[TUHS] Memory management in Dennis Ritchie's C Compiler
velocityboy at gmail.com
Tue Aug 18 05:35:47 AEST 2020
True, but zones and HeapAlloc do a fair bit of work to handle objects of
multiple sizes. If you're partitioning up a page and you know every object
on the page is 8 or 16 or 48 bytes, it's MUCH simpler. And a lot of the
data structures in a compiler tend to be small-tens-of-bytes nodes.
On Mon, Aug 17, 2020 at 3:28 PM Paul Winalski <paul.winalski at gmail.com>
> On 8/17/20, Jim Geist <velocityboy at gmail.com> wrote:
> > When did mmap(2) come about? Another thing I've seen is building a small
> > block allocator on top of that. You can guarantee that all your objects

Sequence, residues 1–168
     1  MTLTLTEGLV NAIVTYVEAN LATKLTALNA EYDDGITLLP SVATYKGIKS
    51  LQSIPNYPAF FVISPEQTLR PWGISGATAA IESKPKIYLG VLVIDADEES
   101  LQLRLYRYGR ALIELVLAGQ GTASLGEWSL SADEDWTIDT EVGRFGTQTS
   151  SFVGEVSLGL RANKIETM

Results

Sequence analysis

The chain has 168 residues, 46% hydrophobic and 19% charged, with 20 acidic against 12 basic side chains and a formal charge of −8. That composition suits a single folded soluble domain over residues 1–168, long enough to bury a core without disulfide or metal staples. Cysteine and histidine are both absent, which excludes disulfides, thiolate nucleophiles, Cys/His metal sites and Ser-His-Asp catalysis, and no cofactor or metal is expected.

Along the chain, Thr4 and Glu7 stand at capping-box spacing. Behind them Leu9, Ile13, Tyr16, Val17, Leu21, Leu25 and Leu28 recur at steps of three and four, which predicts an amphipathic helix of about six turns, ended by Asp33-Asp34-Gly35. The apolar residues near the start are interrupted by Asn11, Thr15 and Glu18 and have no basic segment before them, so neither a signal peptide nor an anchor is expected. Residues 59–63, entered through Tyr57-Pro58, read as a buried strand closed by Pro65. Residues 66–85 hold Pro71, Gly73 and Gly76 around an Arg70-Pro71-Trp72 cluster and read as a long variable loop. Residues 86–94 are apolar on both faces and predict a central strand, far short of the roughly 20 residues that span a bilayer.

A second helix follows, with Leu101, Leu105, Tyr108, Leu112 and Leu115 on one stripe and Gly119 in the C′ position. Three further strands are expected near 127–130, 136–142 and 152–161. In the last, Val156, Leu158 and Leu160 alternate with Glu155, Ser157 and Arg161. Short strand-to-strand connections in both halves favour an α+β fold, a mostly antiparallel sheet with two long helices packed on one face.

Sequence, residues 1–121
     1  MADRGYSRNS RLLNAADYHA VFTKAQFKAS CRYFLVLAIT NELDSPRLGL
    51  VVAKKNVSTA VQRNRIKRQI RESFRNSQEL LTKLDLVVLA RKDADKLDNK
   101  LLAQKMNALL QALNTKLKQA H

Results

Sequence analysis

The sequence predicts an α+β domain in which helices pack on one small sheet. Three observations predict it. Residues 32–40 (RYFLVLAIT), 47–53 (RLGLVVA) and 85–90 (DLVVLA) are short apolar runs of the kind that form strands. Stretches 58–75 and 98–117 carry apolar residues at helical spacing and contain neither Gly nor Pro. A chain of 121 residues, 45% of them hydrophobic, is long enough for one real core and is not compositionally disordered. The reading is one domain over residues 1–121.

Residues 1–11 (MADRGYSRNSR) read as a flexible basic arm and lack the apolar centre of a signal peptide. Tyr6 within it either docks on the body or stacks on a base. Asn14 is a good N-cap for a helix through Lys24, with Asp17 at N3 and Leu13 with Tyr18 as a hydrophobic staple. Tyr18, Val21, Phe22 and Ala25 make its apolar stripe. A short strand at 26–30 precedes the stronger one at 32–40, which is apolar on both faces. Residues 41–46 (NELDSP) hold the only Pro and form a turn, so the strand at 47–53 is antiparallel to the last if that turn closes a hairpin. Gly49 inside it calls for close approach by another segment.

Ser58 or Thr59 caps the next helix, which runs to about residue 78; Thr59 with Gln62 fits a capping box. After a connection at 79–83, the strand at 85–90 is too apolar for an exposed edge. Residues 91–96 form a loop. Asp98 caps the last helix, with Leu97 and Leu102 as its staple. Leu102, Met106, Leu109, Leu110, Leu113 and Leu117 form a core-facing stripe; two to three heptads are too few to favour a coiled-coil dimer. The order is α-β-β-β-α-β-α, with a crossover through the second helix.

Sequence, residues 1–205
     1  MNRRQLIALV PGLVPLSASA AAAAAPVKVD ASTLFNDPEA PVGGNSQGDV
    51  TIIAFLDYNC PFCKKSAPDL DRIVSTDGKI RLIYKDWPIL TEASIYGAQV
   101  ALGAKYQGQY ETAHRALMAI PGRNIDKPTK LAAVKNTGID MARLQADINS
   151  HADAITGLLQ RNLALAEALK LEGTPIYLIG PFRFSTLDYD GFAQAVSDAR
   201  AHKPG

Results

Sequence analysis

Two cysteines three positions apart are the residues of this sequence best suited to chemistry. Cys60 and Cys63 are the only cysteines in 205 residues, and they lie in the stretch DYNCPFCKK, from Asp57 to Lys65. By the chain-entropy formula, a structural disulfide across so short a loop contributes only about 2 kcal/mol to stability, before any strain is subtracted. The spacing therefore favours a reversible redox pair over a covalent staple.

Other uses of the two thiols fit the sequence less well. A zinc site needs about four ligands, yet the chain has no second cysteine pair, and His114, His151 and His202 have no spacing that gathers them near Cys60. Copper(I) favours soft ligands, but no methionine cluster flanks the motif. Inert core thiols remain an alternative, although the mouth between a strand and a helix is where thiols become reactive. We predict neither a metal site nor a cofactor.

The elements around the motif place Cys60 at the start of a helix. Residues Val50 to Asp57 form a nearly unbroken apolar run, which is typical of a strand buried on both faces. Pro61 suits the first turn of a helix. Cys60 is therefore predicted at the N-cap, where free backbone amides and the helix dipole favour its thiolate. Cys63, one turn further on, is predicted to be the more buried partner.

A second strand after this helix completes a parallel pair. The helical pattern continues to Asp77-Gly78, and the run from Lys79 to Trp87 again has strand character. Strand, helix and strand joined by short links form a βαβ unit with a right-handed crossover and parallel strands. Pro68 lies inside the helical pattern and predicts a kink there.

> > nicely collected into the same set of pages for locality with very little
> > overhead.
> mmap(2) certainly can be used to allocate blocks for the mini-heap
> itself, but you still have to write your own equivalents of malloc()
> and free() to allocate data structures within the mini-heap. The nice
> thing about VMS heap zones and Microsoft's private heaps is that you
> get the malloc()/free() layer off-the-shelf; you don't have to roll
> your own.
> -Paul W.
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